The early front-runners for this position have to be MMABC heads Mr. Bill Mahood or Paul Lazenby. I’m sure you can throw in a few others into the mix, however, both men have experience in combat sports and both men have in-depth knowledge of all the rules and regulations that will be in place.

So does this mean that it will be a big open door for all promoters to set up shop in BC? Will the UFC be coming to Victoria or Vancouver early next year? Not so fast. Ida Chong says cities throughout the province can still control who puts on events in their city limits.

The commissioner will only be overseeing the sport,  notes Chong. If a city like Vancouver wants to create bylaws to only allow certain promoters into their jurisdiction they have the right to do that. They can put whatever bylaws in place they would like. A city can still refuse to have a professional fight in their City. The province is only there to make sure that if a professional event does take place in their city that all the safety standards are being followed.

So now it’s up to your mayors to welcome professional MMA with open arms. Vancouver Mayor Gregor Robertson and all his merry men and women have wanted the Province to oversee it. They claimed that once that happened they would be ready for the fight game… but for real this time.

Now we will see if they are truly honest politicians. It’s about time Vancouver and other cities allow promotions like Maximum Fighting Championship, Battlefield Fight League, Bellator, Strikeforce and of course the UFC to put on shows in Rogers Arena, Agrodome, Pacific Coliseum and BC Place. There are too many great promoters and athletes in this province that deserve a chance.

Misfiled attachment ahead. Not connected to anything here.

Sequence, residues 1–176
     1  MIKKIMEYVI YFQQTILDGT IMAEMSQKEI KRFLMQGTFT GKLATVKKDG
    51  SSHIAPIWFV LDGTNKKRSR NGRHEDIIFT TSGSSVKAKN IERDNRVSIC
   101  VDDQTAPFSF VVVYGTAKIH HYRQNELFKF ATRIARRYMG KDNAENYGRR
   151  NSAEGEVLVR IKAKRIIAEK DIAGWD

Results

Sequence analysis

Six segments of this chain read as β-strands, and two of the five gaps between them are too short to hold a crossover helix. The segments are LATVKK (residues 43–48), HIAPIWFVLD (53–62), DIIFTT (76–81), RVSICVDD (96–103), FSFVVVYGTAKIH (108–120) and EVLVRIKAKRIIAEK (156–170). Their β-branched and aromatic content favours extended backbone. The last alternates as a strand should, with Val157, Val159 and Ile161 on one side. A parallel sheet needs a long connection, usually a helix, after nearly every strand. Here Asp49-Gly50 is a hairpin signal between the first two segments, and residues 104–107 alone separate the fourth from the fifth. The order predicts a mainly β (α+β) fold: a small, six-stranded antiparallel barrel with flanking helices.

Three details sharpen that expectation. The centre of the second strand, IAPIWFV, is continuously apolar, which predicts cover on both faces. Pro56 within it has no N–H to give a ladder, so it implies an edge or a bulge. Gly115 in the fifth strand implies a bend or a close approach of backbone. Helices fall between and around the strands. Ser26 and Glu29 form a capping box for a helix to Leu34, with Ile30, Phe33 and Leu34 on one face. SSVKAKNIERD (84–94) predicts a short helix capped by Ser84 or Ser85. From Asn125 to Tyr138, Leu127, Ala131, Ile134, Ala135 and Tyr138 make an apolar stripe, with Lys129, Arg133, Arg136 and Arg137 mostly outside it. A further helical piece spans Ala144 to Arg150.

No more games…well unless the Province regulates them. That has a nice ring to it.

-Corner Man-

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For full MMA coverage and the latest news, keep it locked to MMASucka.com. You can also follow Trevor on Twitter @tdueckMMA

4 COMMENTS

  1. Well this is all very nice, but in the meantime you just dissolved every Athletic Commission in the Province. Right now Professional Combat sports cannot be sanctioned on a Province wide basis. How long will this go on, a few months or a year? And they’ve placed the Provincial Commission within the wrong ministry. Currently they have it within the department of Arts, Culture, Gaming Grants & Sport Division which oversees aspects of public health and fitness including the development of amateur sports. Professional combat sports are “prize fights” and are generally related to the gambling industry, such as horse racing that falls in the Ministry of the Public Safety and Solicitor General, specifically the Gaming Policy and Enforcement Branch. The Arts, Culture, Gaming Grants & Sport Ministry is not set up to handle prize fight winnings. And I have heard Minister Chong say many times that the purpose of this Bill is to provide equal regulation across the Province. However, the opt-out clause would cause exactly the kind of inconsistent regulation that has hampered the combat sports industry in the past. Some communities will use this clause to opt out completely, but others will use this clause to demand additional aspects to regulation. Some communities will disallow the use of facilities, demand additional insurance requirements, impose additional taxes, and all manner of other protectionist restrictions. I do not believe that the opt-out clause is in keeping with the intent of Bill 50, and in addition to this I believe that the opt-out clause is prone to abuse and discrimination. At it’s core Bill 50’s opt-out clause can be said to be unconstitutional, and I believe that this will be a liability for the government in the future.

    • Nothing wrong with that. They are going to go with one Commissioner. I’m sure within months after that he will have people contracted out to help with all the work, because the first few years it will be busy! Every promotion in Canada is going to want to be in Vancouver.

  2. I predict that in a very short period of time the “opt-out clause” will become known as the “Vancouver Clause”.

  3. […] Although MMA Sucka is not big on reporting rumours, there is also another one floating around that this new Commissioner will have no experience in the fight game, and will be over seeing professional combat sports in the Province through advisors from the boxing and MMA community. If that is the case, it appears that goes against what was originally planned and communicated by former Minister of Community, Sport and Cultural Development Ida Chong and what she told MMASucka.com almost a year ago. […]